Skip Header Navigation

Skip Breadcrumb Links  
About RBC > Careers > Diversity Works Here > Aboriginal Peoples > RBC Aboriginal Student Awards Program

RBC Aboriginal Student Awards Program

RBC Aboriginal Student Awards Program

The RBC Aboriginal Student Awards Program was launched in 1992 to assist Aboriginal students to complete post-secondary education, and provide an opportunity for RBC to strengthen its relationship with the Aboriginal community. Selected students are awarded up to $4,000 each academic year for two to four years to use towards tuition, textbooks, supplies and living expenses.

RBC awards 10 scholarships in two categories:

  • For students majoring in disciplines related to the financial services industry
  • For students majoring in disciplines unrelated to the financial services industry

We also consider scholarship recipients who are interested in careers in financial services for summer and post-graduate employment


You are on: Who is Eligible?

You are eligible to apply to the RBC Aboriginal Student Awards Program if you are a Status Indian*, a Non-status Indian, Inuit or Métis and meet these criteria:

  • You are a permanent resident or citizen of Canada
  • You have applied or are currently attending an accredited post-secondary institution in Canada
  • You maintain a full course load that leads to a recognized degree, certificate or diploma
  • You have at least two years remaining in your post-secondary studies as of September 2016
  • You require financial assistance to pursue your education

If you are already receiving partial funding from other sources, you may still apply to the RBC Aboriginal Student Awards Program to cover additional educational and living expenses.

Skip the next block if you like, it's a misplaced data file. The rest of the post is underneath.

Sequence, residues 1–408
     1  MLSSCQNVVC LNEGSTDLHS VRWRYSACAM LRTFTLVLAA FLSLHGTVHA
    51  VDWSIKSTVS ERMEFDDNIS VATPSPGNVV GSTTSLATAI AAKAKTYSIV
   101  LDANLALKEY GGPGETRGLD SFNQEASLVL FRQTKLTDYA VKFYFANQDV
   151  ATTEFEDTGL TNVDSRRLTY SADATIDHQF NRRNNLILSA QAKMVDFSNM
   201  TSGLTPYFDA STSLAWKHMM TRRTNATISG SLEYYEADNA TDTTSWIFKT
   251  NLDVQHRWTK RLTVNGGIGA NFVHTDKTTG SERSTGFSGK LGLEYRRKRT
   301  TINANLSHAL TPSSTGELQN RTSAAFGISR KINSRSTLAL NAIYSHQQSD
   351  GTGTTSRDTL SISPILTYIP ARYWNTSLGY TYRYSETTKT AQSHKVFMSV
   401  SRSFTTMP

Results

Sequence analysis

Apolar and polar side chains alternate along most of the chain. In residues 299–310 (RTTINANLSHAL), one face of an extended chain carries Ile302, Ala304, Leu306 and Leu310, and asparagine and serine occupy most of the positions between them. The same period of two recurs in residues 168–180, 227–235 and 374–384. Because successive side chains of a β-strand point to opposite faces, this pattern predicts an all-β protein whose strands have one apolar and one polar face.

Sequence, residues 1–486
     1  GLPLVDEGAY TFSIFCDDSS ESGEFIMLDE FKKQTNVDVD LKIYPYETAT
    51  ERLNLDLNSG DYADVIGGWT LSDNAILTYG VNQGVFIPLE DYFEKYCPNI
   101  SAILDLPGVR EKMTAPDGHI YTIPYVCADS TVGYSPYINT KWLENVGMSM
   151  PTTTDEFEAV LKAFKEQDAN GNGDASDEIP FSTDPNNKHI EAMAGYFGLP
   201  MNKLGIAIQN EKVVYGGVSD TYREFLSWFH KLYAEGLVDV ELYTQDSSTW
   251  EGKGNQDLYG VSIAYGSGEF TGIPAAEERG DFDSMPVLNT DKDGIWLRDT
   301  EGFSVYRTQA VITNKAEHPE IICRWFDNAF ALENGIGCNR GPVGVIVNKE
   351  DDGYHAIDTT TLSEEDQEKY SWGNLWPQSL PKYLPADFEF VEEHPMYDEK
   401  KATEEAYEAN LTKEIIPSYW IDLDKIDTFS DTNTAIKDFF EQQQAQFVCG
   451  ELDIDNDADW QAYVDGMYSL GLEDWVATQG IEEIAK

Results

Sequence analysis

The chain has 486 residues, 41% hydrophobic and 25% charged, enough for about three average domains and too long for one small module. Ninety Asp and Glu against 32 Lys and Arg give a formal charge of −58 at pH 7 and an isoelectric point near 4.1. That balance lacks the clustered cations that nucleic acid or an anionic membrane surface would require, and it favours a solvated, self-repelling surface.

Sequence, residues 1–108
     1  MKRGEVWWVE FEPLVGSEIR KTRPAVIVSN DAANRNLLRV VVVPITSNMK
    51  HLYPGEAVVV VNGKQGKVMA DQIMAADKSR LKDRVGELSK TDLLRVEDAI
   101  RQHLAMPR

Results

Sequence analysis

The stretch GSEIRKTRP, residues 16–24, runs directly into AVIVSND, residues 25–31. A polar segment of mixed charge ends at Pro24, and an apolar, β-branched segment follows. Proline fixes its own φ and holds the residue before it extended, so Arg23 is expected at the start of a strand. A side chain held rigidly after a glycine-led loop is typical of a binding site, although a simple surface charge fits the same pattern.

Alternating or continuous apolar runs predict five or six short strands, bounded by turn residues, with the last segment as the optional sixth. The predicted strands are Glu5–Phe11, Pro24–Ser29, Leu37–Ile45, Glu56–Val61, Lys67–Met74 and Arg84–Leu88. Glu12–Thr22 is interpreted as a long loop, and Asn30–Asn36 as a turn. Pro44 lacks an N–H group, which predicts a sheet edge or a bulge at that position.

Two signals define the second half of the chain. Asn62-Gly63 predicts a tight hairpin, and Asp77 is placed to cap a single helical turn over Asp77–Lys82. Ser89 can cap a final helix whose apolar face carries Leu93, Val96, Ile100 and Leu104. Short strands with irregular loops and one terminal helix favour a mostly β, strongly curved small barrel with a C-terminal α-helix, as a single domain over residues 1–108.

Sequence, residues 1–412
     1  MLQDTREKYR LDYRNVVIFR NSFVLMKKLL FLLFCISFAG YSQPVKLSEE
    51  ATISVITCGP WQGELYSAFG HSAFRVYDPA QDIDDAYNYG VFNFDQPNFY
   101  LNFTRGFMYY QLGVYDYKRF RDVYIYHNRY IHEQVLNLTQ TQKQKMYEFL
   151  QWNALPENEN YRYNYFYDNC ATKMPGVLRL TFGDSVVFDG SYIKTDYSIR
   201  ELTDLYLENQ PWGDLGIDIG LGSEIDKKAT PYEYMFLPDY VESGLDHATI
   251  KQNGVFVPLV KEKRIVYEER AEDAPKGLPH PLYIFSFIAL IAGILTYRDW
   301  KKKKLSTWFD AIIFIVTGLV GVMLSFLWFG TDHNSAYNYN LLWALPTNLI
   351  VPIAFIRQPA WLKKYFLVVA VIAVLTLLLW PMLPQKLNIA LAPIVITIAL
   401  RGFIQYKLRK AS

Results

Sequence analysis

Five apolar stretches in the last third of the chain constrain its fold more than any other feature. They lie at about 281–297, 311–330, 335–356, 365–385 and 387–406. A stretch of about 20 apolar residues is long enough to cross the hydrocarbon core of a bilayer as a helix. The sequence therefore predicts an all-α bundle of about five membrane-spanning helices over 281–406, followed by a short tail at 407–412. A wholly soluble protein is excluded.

*Indian as defined in Section 2(1) of the Indian Act

You are on: How it Works

Applications and supporting documents are to be received by RBC by 11:59 pm EST on February 28th, of each year. If selected, the applicant must provide proof of her/his acceptance to university or college and eligible status by July 31.

How it Works

You will receive up to $4,000 per academic year for educational and living expenses for two to four years.

Expand Read More

How Award Recipients are Selected

A committee of Aboriginal academics and RBC representatives review all completed applications and makes the final selection of the award recipients primarily based on personal and academic achievements and individual financial need. Successful applicants are notified of the committee's decision by May 30 of each year. All decisions of the committee are final.


Important Dates

Our 2016 application period is now closed.


Send Us an Email If you have questions about the program, please contact


Connect With Us




Meet Our Past Winners

Tyler Cameron Tabobondung

Tyler Cameron Tabobondung
Objibway – Wasauksing First Nation
RBC Winner 2015 and Recipient of the Leadership Award


Previous of 5 Next


Application Assistance

If you are a person with a disability and have questions or would like help with your application, please email our team.


Meet Our Past Winners

Tyler Cameron Tabobondung

Tyler Cameron Tabobondung

Objibway – Wasauksing First Nation
RBC Winner 2015 and Recipient of the Leadership Award
Education: McMaster University – Doctor of Medicine

Tyler recently graduated from the University of Toronto with a degree in Neuroscience and Mental Health Studies. While he was there he was the Aboriginal student life coordinator and volunteered at University of Toronto’s Emergency Medical Response Group (EMRG). Tyler has the career goal of working as a physician in both urban and remote indigenous communities. Tyler wants to create a clinic on Wasauksing First Nation, with hopes of improving the lives of the people in his home community. His ultimate goal is to eliminate the devastating effects that malnutrition, drugs, and disease have had on his home community.